Late-onset schizophrenia, which classifies individuals who are diagnosed at the age of 45 or older, are more common in women than men [73]. In contrast, early-onset schizophrenia, which refers to those diagnosed before the age of 18, are more common in males than females (discussed later in this review). Women have been shown to be more vulnerable to psychotic breakdown at times of estrogen withdrawal, i.e., menopause or just after giving birth [74]. Females more frequently exhibit depressive symptoms [73], whilst males tend to have a greater vulnerability to negative symptoms and traits of disorganization. However, studies have found premorbid functioning to be worse in men than in women, with late-onset schizophrenia generally found to have good premorbid competence [75,76,77]. Overall, the prognosis of the illness, the social functioning, and the response to treatment is generally better in female schizophrenic patients compared to males [73].

2.2. Female-Biased Neurodegenerative Disorders

2.2.1. Alzheimer’s Disease

Alzheimer’s disease (AD) is the most common neurodegenerative disorder, with an estimated worldwide prevalence of 24 million people [78]. AD sufferers exhibit gradual cognitive decline, often beginning with memory loss and extending to behavioural disturbances such as apathy and depression [79]. AD is characterized by the accumulation of intracellular hyperphosphorylated tau inclusions termed neurofibrillary tangles, extracellular plaques consisting of beta-amyloid aggregates, and brain atrophy caused by the progressive loss of cholinergic neurons [80,81,82,83,84]. The propagation of neuropathological changes in AD is highly characterized, beginning in the entorhinal cortex, before spreading to the hippocampus, basal forebrain, temporal and parietal lobes, and eventually the neocortex [85,86].
The female sex is a significant risk factor for AD, as two-third of AD patients are women [21,87,88]. Moreover, women have a two-fold higher incidence in AD [89], and two-fold higher lifetime risk of AD compared to men [90,91]. This female-bias is not seen in any other types of dementias [92], although some have reasoned that it is a result of women living longer than men [93]. Women AD patients exhibit faster rate of hippocampal atrophy and greater neurofibrillary tangles than men with AD [94,95]. Women also show more rapid loss of autonomy, greater disability and more rapid cognitive decline whilst men have a higher mortality and comorbidity and later onset [79,96,97]. In particular, female AD patients exhibit a greater cognitive decline in areas of visuospatial abilities, verbal processing, and semantic and episodic memory than male AD patients [98,99,100,101]. Clinical and pre-clinical studies demonstrate conflicting evidence on sex differences in response to anticholinesterase medications, a widely used therapy for AD. Some studies have reported that females responded better than males in clinical [102] and in AD models [103], whilst recent meta-analysis study have no significant sex differences [104]. Overall, women show a greater rate of prevalence and incidence, increased cognitive decline and greater rate of neuropathological decline in AD compared to men. Given the differences in sex hormone levels in AD patients compared to controls, this suggests that biological factors could contribute to sex differences seen in AD. Further investigation into the underlying causes of sex differences in AD is a crucial step towards providing specific gender-based therapies and diagnosis.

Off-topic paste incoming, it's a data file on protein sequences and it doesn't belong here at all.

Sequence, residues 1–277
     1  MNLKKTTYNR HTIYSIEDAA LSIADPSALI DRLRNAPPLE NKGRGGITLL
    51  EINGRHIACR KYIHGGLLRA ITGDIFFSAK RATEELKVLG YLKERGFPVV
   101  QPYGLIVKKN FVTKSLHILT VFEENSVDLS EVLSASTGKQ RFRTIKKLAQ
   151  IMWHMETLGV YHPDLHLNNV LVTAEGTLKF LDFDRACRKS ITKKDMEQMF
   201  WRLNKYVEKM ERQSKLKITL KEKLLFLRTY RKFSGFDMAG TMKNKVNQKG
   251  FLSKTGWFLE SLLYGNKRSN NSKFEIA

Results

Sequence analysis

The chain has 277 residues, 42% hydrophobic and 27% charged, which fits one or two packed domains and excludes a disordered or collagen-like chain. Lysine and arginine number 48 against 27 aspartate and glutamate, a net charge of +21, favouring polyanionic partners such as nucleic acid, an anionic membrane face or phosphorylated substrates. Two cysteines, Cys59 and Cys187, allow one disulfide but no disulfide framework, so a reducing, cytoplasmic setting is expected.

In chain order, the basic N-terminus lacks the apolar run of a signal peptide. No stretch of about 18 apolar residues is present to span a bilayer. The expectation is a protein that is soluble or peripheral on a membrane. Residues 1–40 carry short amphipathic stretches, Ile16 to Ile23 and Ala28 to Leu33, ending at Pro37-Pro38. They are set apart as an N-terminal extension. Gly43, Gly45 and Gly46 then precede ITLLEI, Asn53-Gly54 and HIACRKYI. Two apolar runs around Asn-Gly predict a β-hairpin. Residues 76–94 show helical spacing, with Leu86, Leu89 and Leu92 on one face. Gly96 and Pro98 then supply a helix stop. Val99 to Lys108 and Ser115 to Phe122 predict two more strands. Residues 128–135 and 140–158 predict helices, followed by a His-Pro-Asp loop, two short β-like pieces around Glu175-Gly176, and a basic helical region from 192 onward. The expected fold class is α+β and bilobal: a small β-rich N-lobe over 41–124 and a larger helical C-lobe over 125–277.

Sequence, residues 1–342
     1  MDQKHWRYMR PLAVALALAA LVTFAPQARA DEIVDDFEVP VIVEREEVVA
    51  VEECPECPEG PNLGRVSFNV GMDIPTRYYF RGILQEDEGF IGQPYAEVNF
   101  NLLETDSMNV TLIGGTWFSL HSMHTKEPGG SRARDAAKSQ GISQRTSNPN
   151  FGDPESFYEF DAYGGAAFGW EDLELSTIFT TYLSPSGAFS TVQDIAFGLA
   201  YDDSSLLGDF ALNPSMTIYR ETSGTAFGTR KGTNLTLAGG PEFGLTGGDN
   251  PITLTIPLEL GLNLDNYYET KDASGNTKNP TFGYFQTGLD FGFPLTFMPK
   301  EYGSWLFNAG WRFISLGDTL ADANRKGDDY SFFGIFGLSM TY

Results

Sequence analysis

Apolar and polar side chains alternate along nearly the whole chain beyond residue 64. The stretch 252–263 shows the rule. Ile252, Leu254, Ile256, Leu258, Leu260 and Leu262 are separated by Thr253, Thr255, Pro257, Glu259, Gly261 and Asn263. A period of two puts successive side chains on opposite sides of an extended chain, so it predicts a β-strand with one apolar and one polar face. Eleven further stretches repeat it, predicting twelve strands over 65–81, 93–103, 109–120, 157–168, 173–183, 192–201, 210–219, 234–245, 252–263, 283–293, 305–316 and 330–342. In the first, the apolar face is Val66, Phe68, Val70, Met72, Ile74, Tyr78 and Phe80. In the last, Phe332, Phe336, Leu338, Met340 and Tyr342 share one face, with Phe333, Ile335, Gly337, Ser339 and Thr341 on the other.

2.2.2. Multiple Sclerosis

Multiple Sclerosis (MS) is a neurodegenerative disease characterized by autoimmune demyelination of axons and plaque formation, eventually leading to CNS degeneration [105]. Disease course can be classified into 4 subtypes; relapsing-remitting (RR), primary progressive (PP), secondary progressive (SP), and primary relapsing (PR). RR-MS as the name suggests, is characterized by periods of acute disease followed by recovery [106]. RR-MS is the most common type accounting for 85–90% of cases, whilst 10–15% of cases are categorized as PP, where symptoms continually worsen with time [106]. The disease mainly affects young adults with peak symptom onset at 30 years of age [107]. MS symptoms have a wide range and severity, resulting from disparity in lesion development and progression. Most commonly reported are fatigue, visual or sensory impairment and cognitive deficits. Magnetic resonance imaging (MRI) is an essential technique for diagnosis and can be used to determine the presence of lesions, anatomically specific to MS whilst brain atrophy is associated with disease progression and cognitive impairment [107,108]. Unlike most neurodegenerative diseases, disease-modifying treatments are available for MS, although there is still no cure. Disease-modifying treatments, which are usually drugs that suppress or modulate the immune systems, are efficacious at slowing disease progression or reducing severity or frequency of attacks when implemented early [109].